Preliminary Production Reference Design

To succeed in the growing PC camera market, it is necessary to have a competitive, very low cost camera chipset. To address this need, TI DISP is designing a chipset along with a reference design and a prototype of the production 1394 based PC camera. This chipset, along with these design tools, allows the customer to create a very low cost, high performance solution for the PC camera. This chipset consists of 6 ICs including the image sensor, main control/processing ASIC, sensor driver, analog-to-digital converter, and two 1394 serial interface ICs. These chips are discussed below.

The main sensing element used in this camera is the TI TC236P image sensor. This sensor is capable of resolutions up to 640x480 pixels at 69dB of dynamic range. Utilizing the TI DISP ASIC, this sensor can generate 24-bit color video at a resolution of 640x480 at 30 frames per second.


The TI DISP ASIC is the main control/processing IC in the chipset. It represents considerable integration of various sections of the MC-680DCC beta cameras. This ASIC controls all of the timing functions for the TC236P image sensor, all timing requirements of the TLC976 CDS/ADC, all digital video processing algorithms, the 1394 chipset interface control logic, multiple stepper motor control logic for focus, zoom, ect., and two digital-to-analog converters (DAC) used in controlling the analog gain and offset levels. The ASIC utilizes several registers, which hold default values to perform these various functions. These registers are programmed in a small external E2 memory space. These registers are programmed with the correct values for each individual camera through TI DISP’s final test software. These values, for white balance, default focus, camera serial number, brightness, exposure, pulse positioning ect., are tested and programmed for each individual camera during final test.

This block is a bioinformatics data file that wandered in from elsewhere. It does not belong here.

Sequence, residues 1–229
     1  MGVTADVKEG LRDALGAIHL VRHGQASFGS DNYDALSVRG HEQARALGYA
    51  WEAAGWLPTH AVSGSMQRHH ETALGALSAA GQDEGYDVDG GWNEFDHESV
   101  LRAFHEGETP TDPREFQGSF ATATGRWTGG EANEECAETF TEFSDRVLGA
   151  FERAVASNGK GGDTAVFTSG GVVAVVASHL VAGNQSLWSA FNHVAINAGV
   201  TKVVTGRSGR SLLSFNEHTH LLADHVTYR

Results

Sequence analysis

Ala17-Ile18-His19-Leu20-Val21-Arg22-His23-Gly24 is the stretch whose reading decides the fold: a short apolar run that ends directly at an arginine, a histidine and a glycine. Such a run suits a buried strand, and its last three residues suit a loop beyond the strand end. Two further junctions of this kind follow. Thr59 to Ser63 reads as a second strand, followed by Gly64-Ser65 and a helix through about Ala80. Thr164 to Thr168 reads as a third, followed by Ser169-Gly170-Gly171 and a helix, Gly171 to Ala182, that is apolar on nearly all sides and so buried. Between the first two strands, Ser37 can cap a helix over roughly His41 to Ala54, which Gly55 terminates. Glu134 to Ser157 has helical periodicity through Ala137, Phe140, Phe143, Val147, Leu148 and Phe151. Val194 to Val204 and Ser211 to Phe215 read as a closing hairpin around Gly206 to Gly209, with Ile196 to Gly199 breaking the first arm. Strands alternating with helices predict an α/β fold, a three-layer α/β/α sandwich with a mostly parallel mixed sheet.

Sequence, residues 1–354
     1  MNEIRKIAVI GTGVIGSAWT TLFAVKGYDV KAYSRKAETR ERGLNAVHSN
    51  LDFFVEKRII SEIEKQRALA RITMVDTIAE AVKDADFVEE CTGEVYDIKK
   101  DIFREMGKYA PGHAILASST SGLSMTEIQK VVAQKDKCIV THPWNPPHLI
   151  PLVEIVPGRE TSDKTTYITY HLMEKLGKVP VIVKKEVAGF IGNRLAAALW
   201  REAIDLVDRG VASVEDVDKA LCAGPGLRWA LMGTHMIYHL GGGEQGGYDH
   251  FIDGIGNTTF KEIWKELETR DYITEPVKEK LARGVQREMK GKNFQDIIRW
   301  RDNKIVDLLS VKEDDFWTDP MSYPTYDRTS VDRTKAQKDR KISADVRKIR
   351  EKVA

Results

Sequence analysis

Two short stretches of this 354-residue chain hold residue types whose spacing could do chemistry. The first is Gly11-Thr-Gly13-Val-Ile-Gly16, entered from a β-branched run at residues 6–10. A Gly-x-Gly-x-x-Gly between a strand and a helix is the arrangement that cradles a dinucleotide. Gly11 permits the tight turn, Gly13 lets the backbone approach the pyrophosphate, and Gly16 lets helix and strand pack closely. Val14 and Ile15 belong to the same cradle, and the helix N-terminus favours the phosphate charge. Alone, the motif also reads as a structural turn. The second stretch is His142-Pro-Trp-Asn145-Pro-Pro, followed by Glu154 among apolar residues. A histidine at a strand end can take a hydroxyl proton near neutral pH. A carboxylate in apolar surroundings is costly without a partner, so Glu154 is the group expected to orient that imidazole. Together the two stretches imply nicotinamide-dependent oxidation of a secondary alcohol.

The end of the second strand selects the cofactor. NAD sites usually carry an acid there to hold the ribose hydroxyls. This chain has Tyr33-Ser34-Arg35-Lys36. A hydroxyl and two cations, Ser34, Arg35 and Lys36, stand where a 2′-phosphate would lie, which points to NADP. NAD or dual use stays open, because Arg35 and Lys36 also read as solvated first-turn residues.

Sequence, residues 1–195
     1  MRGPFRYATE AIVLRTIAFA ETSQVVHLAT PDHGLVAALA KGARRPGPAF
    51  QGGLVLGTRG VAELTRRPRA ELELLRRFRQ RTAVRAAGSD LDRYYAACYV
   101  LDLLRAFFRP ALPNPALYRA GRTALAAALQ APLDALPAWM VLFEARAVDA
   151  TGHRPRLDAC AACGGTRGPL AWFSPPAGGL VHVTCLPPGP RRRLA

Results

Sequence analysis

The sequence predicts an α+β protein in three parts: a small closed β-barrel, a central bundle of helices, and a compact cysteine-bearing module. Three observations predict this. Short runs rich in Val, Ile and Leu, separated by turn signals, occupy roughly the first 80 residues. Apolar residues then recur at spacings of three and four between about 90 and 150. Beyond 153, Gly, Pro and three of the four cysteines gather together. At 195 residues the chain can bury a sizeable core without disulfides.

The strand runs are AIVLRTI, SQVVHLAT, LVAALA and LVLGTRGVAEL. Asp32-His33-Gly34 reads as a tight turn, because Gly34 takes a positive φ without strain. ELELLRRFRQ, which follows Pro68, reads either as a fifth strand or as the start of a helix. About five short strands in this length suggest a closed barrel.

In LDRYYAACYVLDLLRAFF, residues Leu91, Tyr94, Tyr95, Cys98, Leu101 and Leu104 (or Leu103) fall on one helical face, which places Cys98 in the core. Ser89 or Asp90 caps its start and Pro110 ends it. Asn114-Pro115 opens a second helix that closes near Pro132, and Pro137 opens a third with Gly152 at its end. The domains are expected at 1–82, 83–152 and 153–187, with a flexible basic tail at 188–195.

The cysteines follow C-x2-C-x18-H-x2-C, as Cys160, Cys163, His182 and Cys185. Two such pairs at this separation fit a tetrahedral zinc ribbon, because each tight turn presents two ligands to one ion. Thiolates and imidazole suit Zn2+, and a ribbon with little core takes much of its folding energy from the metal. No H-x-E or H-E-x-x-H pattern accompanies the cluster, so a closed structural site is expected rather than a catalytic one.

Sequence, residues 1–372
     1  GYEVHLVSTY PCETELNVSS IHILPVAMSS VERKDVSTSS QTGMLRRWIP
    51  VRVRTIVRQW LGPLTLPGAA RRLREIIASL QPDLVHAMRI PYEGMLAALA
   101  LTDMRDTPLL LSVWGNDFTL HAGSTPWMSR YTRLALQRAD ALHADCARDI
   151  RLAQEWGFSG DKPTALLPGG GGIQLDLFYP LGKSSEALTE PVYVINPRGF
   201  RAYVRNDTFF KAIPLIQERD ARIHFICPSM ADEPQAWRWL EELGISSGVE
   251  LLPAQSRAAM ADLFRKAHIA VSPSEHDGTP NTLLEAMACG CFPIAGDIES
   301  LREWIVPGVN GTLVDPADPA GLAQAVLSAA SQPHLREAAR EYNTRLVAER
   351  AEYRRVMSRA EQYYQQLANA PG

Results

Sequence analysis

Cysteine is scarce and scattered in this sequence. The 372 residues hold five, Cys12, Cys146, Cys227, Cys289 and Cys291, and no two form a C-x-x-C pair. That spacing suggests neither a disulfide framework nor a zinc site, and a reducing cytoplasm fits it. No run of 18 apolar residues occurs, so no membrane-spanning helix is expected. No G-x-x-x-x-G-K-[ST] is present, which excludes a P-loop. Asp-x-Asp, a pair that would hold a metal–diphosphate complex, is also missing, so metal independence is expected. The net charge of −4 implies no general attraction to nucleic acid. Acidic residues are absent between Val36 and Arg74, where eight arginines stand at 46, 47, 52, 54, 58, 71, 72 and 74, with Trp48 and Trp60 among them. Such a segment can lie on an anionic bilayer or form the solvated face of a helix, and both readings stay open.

The TMC57253, along with two temperature stable discrete drivers, are used to interface between the VSP ASIC timing and the CCD. This interface is needed to generate the 12-volt voltage swings necessary in CCD clocking technology. The two discrete drivers were designed to minimize any signal propagation changes due to differing temperatures. These two drivers drive the reset and serial register clock lines.